Throughout the history of the constitution the three branches of the government would time and time again expand their powers. Each time taking more powers away from the states and unbalance the system so that the original ideals set would be destroyed. Congress was split into two houses: the senate and the house of representatives. This was one of the ways which the constitution gave an unreal power to the people. The house is the only part of the government which is directly elected by the people. This made the people think they were getting a direct say in the government, but that wasn’t true because everything done in the house would have to go through the senate which was run by the elite. throughout the years congress has constantly expanded their powers through a broad interpretation of the constitution and with every example they have abused the system by unbalancing powers and taking rights away from the people. The biggest thing they used to expand their powers was a small section of the constitution which they expanded to give them any power the saw proper of themselves to have. Article 1 section 8 clause 18 is called the elastic clause. This clause states that congress can make any laws necessary and proper to carry out their powers. This is one of the big reasons the constitution can not work. this clause is just too vague to allow any understanding of what congress’s powers are. Congress would take this clause to the extreme. It does say the can only make laws which would complement their listed powers. However, they took it to mean they could do anything necessary to carry out their "job," which of coarse is anything in their interest, or "in the interest of America." The first major example of their abusement of this clause is the Bank of the United States. In no place does the constitution say that the federal government has any right, or power, to set up a business. Therefor that power would be left for the states. This did not happen, however. Congress, "in their infinite wisdom", deemed it necessary and proper to create a bank to stabilize the economy. Right from the beginning powers were being stripped from the states. It seems the government made for the people was now working against them because the constitution was too vague to protect them. In another instance congress used the necessary and proper clause to pass the Alien and Sedition Act. These laws forbade people to speak out against the government. Doesn’t the first amendment protect peoples right to free speech? But since congress thought it was necessary and proper to have a law like this they were allowed to because that’s the way they interpreted the constitution. Yet another right of the people taken away because the constitution was too vague. Even though the constitutions was supposed to help the government achieve the ideals set by the new nation it turned out to be one of the greatest problems the nation faced, and it was responsible for one of the worst wars in American history, the civil war. This problem first started with the nullification crisis. Because the constitution was so vague that problems erupted over where the powers were to go, the three branches of the federal government began to gain as many powers as they possibly could. This goes against the whole idea of American ideals. The states were the ones who were getting their rights taken from them through broad interpretation of the constitution, when the constitution was supposed to protect them. this cased the states to say that they had the right to declare something the government had done unconstitutional. It was in fact their right because it was a power not mentioned in the constitution and therefor left for the states. It was first brought up in the form of the Virginia and Kentucky resolutions which were in protest to the alien and sedition act. they were denied the right then. It then came up again in the Hayne, Webster debate in regards to a tariff imposed which favored the northern states, and their right was denied then too. The federal government had won out and from then on the federal government would take more powers then ever intended. The constitution had failed. It had let things run wild. It definitely did not fulfill it’s job to try to keep the powers balanced and protect the peoples rights. The broadness of the constitution created problems within the executive branch too. In some cases the constitution was blatantly disregarded. Right from the Washington’s first presidency there was argument about how the constitution would be interpreted. During his presidency two people in his cabinet would change how the constitution would work for the rest of it’s life. Those two people were Alexander Hamilton and Thomas Jefferson. Alexander Hamilton realized that the constitution was written too vaguely to be taken seriously. His standpoint was that the government could read into it because that was the only way things could get done. Jefferson realized that this would strip the people of their rights and in that way destroy the ideals of America. He believed the constitution should be read strictly. The only problem with this was that it did not specifically say anything. It was a catch twenty two, and that is the whole reason the constitution is a failure. No matter how it is interpreted it can not accomplish anything towards the goals of America. Thomas Jefferson’s way seemed to be the fairest to the people and he eventually became the president. However, this proved the constitution can not work for the people. This is because when he became president he was all for strict interpretation which would protect the peoples rights. However, he realized he had no power to get things done. When he wanted to purchase land he found out there was no way the government could which is a huge flaw because it would greatly help America if it could. He ended up buying the land using a broad interpretation of the constitution and going against his own values. He realized the constitution was too vague to work. This isn’t the only time the executive branch has abused the constitution. When Andrew Jackson was president he totally disregarded it proving it had no real power to keep the branches in check. The first problem that came up was because of the Native Americans. The Cherokee were being forced to move but they thought they did not have to under the laws of the united states, so they took it to court. They eventually won and were granted the right to keep their lands. However President Jackson had other plans. He forced the Cherokee to move against the court ruling. The constitution gave no power to prevent against this. Yet another problem with the vagueness of the constitution. Another problem arose during his presidency. Jackson did not like the bank of the united states because it brought the rich elite closer to the power. The intentions of this were good but he destroyed the bank which had already been proven constitutional. This incident brought up the question of who has the right to say something is unconstitutional, because in one of the constitutions many flaws it does not mention this most important power so everybody was claiming to posses it. The Judicial Branch was in no way excluded from this race for power. Although it had no real power to directly meddle in the other branches it used court cases to set precedents for how things would be conducted in the future and therefor pull power to themselves. The first and most important case they used to get power was Marbury v. Madison. In this historical case Judicial review was formed which gave the court the power to declare an act of congress unconstitutional. Marbury was one of the midnight judges appointed by John Adams as he was leaving office. Adams was trying to pack the courts with people from his political party because they would serve for life. Marbury never got his pares and when the next president found it he refused to deliver it. Marbury sued for his job and it went to the supreme court. The judiciary act would have forced the new president to deliver the papers. The courts agreed. John Marshall, the chief justice, said that Marbury had every right to his job, but that congress had created powers not stated in the constitution. Because of this, Marbury did not get his job. Marshal then went on to set up Judicial review. By doing this, however, the court did something they themselves had just said was unconstitutional. The constitution was supposed to be able to solve these problems but it was too vague. Another court case, McCulloch v. Maryland, gave even more power to congress directly taking it away from the states. In this case the supremacy clause was protected and let congress use a broad interpretation of it to take power. When the second bank of the united states was formed Maryland instituted a tax to try and prohibit the bank from being profitable. They said they had the right to control there local business but the federal government argued the supremacy clause protected them. The Supreme Court decided that the supremacy clause protected things set by the government from the states. The American People were losing power by leaps and bounds. This case made the federal government supreme over the states. The constitution had failed to give the states any power to check the federal government. The main ideal set by the new nation was to keep as much power as possible with the states, and now the states had no power. Time and time again in each branch of the government the constitution was read into and powers were created, proving the constitution was too vague to work. Congress used a couple of open ended clauses to create any power they wanted for themselves. The executive branch proved it was too vague to be able to give any real power, and to that end could not keep the branches in check. And, the courts used their case decision to rob people of their rights. The Constitution was made in a way where it was doomed to fail. It did not really say anything so there was bound to be problems, and it has proved true time and time again.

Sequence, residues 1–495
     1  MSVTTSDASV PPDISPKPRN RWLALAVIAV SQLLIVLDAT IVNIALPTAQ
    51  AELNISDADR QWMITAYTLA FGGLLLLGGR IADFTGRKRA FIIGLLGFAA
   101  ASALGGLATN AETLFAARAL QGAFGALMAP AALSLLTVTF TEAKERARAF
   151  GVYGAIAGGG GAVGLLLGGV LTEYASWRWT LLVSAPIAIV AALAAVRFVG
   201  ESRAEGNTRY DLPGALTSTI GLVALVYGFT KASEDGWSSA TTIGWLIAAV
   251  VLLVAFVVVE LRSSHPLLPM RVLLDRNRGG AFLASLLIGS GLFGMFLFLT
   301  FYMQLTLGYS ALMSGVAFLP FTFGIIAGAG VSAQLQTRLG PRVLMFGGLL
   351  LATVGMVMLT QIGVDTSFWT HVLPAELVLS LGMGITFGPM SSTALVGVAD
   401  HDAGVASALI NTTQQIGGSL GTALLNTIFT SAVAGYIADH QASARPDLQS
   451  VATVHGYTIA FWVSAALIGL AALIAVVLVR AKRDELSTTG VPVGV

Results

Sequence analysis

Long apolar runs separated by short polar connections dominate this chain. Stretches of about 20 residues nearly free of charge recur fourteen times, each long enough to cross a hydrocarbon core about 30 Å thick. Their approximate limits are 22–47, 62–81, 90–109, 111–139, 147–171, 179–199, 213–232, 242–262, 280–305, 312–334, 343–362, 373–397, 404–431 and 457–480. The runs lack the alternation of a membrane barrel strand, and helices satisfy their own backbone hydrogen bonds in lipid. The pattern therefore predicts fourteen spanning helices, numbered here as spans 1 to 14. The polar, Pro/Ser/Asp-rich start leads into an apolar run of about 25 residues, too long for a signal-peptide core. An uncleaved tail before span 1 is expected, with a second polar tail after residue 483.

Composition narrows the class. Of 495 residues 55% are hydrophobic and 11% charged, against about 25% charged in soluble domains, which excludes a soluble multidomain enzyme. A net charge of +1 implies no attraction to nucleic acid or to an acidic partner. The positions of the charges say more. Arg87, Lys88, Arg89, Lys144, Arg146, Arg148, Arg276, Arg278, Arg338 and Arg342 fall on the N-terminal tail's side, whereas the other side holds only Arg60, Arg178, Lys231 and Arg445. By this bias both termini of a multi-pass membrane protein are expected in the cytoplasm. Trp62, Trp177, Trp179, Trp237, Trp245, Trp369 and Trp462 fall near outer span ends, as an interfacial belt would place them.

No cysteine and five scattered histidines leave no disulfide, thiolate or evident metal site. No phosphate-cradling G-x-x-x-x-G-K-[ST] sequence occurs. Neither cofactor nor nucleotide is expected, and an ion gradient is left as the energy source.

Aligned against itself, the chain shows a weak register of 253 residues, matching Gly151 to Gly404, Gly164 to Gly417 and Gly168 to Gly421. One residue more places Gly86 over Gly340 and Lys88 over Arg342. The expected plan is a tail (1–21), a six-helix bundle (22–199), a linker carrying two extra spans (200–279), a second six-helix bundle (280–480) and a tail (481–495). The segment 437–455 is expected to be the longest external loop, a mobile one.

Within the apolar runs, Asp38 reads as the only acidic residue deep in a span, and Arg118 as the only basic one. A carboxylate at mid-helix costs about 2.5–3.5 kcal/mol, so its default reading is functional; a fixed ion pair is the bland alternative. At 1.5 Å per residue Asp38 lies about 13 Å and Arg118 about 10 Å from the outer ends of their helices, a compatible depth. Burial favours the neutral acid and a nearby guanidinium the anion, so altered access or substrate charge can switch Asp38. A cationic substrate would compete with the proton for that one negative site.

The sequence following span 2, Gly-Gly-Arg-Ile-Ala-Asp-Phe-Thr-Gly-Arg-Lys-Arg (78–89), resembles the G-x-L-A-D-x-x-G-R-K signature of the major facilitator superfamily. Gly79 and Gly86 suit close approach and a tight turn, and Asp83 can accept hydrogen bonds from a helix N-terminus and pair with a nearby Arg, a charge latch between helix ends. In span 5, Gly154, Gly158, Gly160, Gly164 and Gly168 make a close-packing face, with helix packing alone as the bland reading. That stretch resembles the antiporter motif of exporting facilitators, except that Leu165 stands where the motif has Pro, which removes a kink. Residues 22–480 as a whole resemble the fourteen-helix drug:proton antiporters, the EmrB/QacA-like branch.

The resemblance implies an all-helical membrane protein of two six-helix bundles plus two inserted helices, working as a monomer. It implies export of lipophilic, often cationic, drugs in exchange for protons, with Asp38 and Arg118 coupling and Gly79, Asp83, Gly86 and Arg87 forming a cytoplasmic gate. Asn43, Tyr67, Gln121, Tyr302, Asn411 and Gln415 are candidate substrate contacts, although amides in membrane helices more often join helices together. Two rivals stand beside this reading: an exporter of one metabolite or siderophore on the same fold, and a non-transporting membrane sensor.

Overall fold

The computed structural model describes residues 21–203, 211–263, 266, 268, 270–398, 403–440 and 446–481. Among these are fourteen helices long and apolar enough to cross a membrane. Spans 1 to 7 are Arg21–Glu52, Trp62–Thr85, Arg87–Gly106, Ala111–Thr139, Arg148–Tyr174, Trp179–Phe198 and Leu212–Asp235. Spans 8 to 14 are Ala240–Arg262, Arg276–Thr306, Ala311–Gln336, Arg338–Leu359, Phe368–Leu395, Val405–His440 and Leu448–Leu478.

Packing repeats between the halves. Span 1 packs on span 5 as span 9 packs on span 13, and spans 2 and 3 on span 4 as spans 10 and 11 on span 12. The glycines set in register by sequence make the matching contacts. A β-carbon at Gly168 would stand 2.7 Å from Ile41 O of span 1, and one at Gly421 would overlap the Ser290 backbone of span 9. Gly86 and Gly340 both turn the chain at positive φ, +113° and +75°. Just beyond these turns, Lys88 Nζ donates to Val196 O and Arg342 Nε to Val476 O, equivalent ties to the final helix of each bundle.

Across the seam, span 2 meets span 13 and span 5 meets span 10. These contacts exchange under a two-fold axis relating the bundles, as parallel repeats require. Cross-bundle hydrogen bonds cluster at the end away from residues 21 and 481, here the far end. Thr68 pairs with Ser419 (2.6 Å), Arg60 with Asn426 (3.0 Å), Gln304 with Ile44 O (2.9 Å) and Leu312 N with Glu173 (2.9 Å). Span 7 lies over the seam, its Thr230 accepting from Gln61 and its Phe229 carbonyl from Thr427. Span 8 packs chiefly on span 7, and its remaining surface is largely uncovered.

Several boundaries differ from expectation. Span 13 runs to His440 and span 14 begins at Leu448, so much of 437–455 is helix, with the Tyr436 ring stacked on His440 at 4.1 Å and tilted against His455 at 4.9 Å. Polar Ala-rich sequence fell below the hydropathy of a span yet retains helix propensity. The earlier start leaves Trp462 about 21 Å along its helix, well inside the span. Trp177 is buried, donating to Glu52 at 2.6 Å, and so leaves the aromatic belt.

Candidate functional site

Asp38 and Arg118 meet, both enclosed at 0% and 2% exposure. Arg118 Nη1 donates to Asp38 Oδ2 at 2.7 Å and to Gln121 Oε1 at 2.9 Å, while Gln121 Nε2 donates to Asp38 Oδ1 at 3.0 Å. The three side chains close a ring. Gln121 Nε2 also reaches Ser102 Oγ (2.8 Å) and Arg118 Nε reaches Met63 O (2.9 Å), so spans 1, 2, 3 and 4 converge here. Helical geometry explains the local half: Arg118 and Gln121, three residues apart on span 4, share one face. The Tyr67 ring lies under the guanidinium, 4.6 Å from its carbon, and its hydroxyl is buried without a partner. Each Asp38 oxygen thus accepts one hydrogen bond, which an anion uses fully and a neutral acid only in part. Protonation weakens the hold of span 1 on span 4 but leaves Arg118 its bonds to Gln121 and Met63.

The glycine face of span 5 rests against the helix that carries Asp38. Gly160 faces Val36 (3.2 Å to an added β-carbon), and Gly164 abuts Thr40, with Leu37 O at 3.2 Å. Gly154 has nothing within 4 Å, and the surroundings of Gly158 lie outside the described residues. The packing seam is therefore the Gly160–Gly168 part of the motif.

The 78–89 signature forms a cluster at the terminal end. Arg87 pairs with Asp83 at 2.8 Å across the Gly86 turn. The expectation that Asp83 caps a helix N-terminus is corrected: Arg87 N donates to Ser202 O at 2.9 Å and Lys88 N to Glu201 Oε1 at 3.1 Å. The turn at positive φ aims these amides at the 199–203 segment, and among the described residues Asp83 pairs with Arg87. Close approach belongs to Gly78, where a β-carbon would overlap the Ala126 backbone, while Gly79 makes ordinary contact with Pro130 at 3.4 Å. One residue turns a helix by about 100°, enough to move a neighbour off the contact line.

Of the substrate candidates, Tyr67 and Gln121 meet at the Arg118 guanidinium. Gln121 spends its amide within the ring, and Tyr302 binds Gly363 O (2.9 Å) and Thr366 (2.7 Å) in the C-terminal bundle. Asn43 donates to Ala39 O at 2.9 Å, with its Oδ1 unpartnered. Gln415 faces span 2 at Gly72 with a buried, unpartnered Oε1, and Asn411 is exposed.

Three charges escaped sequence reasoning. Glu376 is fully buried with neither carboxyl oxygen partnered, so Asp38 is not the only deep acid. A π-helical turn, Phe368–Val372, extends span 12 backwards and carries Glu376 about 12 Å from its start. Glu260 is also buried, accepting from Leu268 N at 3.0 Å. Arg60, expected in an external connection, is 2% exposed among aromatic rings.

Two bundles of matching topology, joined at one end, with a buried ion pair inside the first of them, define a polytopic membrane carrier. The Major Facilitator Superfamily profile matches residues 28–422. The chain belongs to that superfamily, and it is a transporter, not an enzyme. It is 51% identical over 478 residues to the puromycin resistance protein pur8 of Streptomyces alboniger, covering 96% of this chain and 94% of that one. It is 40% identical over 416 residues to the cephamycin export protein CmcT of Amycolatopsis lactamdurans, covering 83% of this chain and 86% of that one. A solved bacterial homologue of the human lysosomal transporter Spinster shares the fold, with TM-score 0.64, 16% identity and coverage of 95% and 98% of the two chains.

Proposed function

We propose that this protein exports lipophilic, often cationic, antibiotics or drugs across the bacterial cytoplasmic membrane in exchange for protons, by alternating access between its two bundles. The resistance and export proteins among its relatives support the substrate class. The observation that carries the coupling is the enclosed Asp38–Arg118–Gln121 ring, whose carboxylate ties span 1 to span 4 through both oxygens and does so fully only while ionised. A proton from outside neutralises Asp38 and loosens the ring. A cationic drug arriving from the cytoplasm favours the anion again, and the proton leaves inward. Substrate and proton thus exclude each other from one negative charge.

Bibliography

Hall, Kermit L. The Oxford Companion to the Supreme Court of the United States. New York Oxford University Press, 1992.

Witt, Elder. The Supreme Court A to Z. Congressional Quarterly Inc. Washington DC, 1993.

Bacon, Donald C. The Encyclopedia of the United States Congress. Simon & Schusks. New York, 1995.

Gilbert, Steve. Landmark Decisions of the United States Supreme Court IV. Excellent Books. California, 1994.

Danzer, Gerald A. The Americans. McDougal Littell. Evanston IL, 1998.